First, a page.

"The Right of the People to Keep and Bear Arms shall NOT be infringed."
"The God who gave us life gave us liberty at the same time: the hand of force may destroy, but cannot disjoin them." --Thomas Jefferson
Shredding the lies one slice at a time....
Sunday, September 29, 2013
"A mob of probably 250 people had gathered. Most of them were armed...."
AN ALL-NIGHT BATTLE
Mob Besieges Lyinig-in Hospital and Terrible Scene Follows.
BEARDED A TIGRESS IN HER DEN.
Hospital Burned to the Ground and Desperate Occupants Driven To a Thicket Yield Only After Being shot.
Gilman, Ills., Aug. 27. Two men killed, three wounded two of them perhaps fatally, one woman wounded, and her residence burned, are the results of an all-night battle between a mob and Mrs. C. W. Wright, who keeps a lying-in hospital and who is accused of the murder of Dessie Salter, the 16-year-old daughter of a citizen of Leonard, Ill., who died at the hospital Friday.
The dead are John Myers, laborer, employed by Mrs. Wright, and Michael Ryan, citizen, serving as deputy constable.
Fatally wounded: Lawrence Ryan, brother of the dead man, shot in abdomen; George Willoughby, citizen, shot through left lung; Mrs. Wright, shot through right shoulder, bullet taking a downward course.
Seriously wounded: Peter Bauer, member of the citizens' attacking party, shot through the stomach.
The first act of the tragedy was enacted when Constable Milstead went to the house on the outskirts of the town, occupied by Mrs. Wright, to arrest her on a warrant sworn out after the coroner's jury had declared her guilty of murder. A number of deputies gathered upon the street, accompanied Constable Milstead. Mrs. Wright barred the door. In forcing an entrance the constables encountered unexpected opposition. They broke the outer door open and entered the darkened room. Michael Ryan felt his way across the first room to the inner apartment, when a shot rang out and he fell dead. The constables made a hurried exit, and formed a picket line around the building. At intervals they fired into the building in the hope that the occupants would surrender, but without success. An attempt to fire the building failed as recent rains had so dampened the timbers that fire would not catch.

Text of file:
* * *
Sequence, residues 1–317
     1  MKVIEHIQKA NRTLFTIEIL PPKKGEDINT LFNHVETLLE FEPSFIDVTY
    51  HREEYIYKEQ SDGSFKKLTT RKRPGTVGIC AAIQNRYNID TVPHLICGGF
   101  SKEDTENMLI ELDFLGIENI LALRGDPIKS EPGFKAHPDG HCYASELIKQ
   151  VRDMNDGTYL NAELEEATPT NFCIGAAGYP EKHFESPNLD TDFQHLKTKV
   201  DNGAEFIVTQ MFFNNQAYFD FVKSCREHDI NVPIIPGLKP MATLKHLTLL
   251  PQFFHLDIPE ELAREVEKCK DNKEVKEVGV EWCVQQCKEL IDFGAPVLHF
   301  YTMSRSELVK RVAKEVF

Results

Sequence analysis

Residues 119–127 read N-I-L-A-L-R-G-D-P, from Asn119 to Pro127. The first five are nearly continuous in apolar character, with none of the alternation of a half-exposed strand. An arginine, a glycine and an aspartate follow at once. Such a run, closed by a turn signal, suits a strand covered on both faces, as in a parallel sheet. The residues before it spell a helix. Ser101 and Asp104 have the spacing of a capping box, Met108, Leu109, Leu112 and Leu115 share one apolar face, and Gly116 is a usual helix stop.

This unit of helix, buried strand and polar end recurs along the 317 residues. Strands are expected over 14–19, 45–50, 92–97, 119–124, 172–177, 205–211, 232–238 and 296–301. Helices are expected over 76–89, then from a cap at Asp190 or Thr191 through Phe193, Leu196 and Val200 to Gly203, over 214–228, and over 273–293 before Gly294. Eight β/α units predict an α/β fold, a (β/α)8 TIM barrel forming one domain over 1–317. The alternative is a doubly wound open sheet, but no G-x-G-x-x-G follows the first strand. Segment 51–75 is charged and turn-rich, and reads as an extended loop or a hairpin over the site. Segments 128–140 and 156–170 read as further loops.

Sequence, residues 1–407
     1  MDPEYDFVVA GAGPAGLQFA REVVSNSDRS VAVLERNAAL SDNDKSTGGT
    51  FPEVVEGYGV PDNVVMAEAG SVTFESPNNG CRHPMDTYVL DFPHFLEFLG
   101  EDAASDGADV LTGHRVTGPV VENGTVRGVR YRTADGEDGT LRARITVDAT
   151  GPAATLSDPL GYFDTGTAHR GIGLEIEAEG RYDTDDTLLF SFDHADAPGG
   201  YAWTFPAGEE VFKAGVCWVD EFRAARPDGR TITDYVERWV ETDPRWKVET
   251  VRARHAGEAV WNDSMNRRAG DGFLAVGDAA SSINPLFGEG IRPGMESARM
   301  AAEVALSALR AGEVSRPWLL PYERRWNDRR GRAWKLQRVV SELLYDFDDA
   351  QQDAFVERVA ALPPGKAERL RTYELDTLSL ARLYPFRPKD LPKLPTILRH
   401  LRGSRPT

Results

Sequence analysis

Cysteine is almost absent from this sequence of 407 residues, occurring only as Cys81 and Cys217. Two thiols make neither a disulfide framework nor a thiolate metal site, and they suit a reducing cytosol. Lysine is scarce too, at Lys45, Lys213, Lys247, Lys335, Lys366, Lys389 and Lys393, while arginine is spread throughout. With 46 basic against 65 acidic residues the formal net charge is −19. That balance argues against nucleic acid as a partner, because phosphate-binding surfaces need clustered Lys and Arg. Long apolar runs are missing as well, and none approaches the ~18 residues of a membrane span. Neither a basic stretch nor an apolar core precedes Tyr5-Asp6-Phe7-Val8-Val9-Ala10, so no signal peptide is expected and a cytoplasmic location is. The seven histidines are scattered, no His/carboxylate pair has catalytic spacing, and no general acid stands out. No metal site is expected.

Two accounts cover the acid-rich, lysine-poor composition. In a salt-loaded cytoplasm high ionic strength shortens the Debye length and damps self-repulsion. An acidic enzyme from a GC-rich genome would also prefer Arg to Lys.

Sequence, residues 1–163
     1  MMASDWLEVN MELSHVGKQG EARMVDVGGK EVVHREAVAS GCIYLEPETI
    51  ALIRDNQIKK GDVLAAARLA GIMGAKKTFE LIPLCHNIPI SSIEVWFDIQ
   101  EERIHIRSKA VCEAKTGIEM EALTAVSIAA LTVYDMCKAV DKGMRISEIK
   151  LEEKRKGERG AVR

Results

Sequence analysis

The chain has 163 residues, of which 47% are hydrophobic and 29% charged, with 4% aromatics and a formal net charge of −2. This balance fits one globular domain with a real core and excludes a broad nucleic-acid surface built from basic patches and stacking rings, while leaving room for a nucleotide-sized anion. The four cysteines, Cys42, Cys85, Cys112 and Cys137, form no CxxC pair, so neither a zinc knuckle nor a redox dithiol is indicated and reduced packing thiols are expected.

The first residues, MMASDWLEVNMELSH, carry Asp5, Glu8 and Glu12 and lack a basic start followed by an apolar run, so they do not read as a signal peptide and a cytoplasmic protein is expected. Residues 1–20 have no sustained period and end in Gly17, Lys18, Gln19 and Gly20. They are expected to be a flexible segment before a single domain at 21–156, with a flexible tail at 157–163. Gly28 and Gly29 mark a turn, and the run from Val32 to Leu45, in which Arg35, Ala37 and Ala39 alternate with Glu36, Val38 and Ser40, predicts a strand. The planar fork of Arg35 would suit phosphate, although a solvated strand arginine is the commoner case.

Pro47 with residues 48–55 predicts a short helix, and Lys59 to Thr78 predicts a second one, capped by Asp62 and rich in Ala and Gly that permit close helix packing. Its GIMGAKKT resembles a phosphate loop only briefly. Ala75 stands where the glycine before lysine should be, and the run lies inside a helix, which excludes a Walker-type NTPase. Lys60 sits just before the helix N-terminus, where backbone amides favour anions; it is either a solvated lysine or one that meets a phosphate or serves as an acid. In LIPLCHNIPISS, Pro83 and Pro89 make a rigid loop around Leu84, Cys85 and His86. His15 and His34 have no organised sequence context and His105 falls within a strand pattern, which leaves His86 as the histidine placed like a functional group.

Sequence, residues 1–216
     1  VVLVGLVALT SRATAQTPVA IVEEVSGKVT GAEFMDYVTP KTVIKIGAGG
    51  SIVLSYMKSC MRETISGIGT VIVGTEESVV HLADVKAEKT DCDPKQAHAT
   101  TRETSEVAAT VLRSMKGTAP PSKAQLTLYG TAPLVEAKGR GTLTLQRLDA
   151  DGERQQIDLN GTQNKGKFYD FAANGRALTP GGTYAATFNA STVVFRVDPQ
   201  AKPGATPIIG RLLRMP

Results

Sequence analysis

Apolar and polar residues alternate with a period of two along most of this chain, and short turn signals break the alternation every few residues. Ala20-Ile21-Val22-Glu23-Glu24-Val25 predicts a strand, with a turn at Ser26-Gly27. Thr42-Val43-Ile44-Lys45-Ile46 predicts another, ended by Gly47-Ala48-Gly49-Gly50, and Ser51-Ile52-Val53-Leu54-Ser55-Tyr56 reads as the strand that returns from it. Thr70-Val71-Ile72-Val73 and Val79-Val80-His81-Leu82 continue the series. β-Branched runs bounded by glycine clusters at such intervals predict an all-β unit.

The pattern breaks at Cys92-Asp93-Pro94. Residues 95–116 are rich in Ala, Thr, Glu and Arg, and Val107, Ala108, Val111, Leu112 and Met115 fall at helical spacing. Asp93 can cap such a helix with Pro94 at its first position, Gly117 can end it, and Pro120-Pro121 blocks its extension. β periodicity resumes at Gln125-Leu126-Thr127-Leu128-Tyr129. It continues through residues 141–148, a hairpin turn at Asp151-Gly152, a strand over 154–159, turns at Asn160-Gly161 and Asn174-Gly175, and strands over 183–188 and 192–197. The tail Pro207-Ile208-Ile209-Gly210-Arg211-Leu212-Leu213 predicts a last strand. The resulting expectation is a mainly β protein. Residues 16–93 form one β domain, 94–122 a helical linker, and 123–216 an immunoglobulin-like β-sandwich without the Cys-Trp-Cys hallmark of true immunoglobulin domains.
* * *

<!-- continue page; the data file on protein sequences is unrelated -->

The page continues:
About 3 a. m. the family of Michael Ryan arrived. The dead man had been carried to the bushes near the house, where he met his death. A mob of probably 250 people had gathered. Most of them were armed. The scenes of grief which followed the arrival of Ryan's wife and children fired the crowd with frenzy. Dozens of bundles of straw, saturated with petroleum were piled against the front and sides of the so-called hospital and ignited. In a moment the place was a mass of flames. Shot after shot rang out from the upper windows and George Willoughby, a local represntative of the Standard Oil company, fell with a bullet in the left side. The next victim was Peter Hauer, a member of the attacking party. These casualties so angered the crowd that volleys were fired into the house as fast as they could load their firearms.
Escaped From the Flames.
Contrary to expectation no screams followed the progress of the flames and the mob began to think that the Inmates of the building had been cremated. Suddenly, from a bunch of timber in the rear several shots came in the direction of the mob, which were answered a hundred to one and tho fire was quickly silenced. Members of the mob rushed to the timber and in the dim light of the coming dawn, found the body of John Myers, a blacksmith, who had been employed by Mrs. Wright, stretched in the death agony. He was shot in a dozen places about the head and shoulders, showing that he had been lying on his face, firing at his enemies when he met death. Near by lay Mrs. Wright, a ragged hole in her right shoulder.
The rioters carried her down town, jeering as they went. She was taken to the council chamber and physicians set to work in an endeavor to bring her to consciousness.
After Mrs. Wright was taken to the city hall, a strong guard was placed over her. A crowd soon assembled and threats of lynching were uttered. Every effort was made to quiet and disperse the mob, but at 9.30 a.m. the mob made another demonstration, smashing in the windows with stones and clubs. This culminated in a shot being fired through the window by one of the mob barely missing the woman. Officers finally restored order.
Mrs. Wright was taken by Sheriff Martin to Paxton at noon by rail and will be taken to the Watseka Jail. The mob became more quiet during the afternoon. No further demonstration is feared in Gilman. It is rumored the mob will attack the Watseka Jail.
The investigation of the coroner's Jury into the death of Bessie Salter disclosed that her body was taken to Leonard, Ills., under cover of darkness early Sunday morning. No coffin was procured and she was wrapped up in an old blanket and piece of carpet and burled. After the jury had heard the evidence of Clarence Salter, father of the girl, the coroner came to the conclusion that it was injudicious to wait longer for Mrs. Wright's arrest.
The coroner's jury immediately took up the case of John Myers, but no evidence has been given to disclose who fired the shot that killed him.
[The Evening Bulletin, Maysville, KY., Tuesday, August 28, 1900. Volume XIX. Number 301. Pg. 1]